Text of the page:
You can find the articles here:

and here:

The analysis was done using isotopes; unfortunately no dna analysis has yet been done.

From 105 skeletons found in two cemeteries, and dating from the 1st through the 3rd centuries AD, 8 seem to have spent their formative years in places as distant as the "Alps, the Apennines, and North Africa".

I don't know if hot, dry climate necessarily means North Africa, as we've seen from the Near Eastern Roman J2b sample found in Britain, who may very well have come from Arabia or the southern Levant.

That there might be people from the Apennines in ancient Rome seems to me unremarkable. Rome was sucking in people from all the poorer areas of the Italian peninsula, in a pattern replicated in most societies then and now.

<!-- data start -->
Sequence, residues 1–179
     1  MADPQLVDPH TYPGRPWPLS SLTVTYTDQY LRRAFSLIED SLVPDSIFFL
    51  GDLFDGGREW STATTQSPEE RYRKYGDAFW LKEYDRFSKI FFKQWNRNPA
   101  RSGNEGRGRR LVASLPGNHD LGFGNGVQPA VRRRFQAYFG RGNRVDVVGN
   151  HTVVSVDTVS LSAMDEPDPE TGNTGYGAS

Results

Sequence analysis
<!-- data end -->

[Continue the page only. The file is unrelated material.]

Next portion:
"The individuals were mostly children and men, and the authors suggest their burial in a necropolis indicates that they may have been poor or even slaves. They also found that their diet probably changed significantly when they moved to Rome, possibly adapting to the local cuisine, comprising mostly wheat and some legumes, meat and fish."

Read more at:

In this regard, the authors claim that they factored in the fact that the water supply for Rome came from long distances, and that the grain predominantly came from Egypt. I certainly hope they did and that it was done properly, because that could confound all the results.

I just found the actual paper. I'll see if there's more clarity there.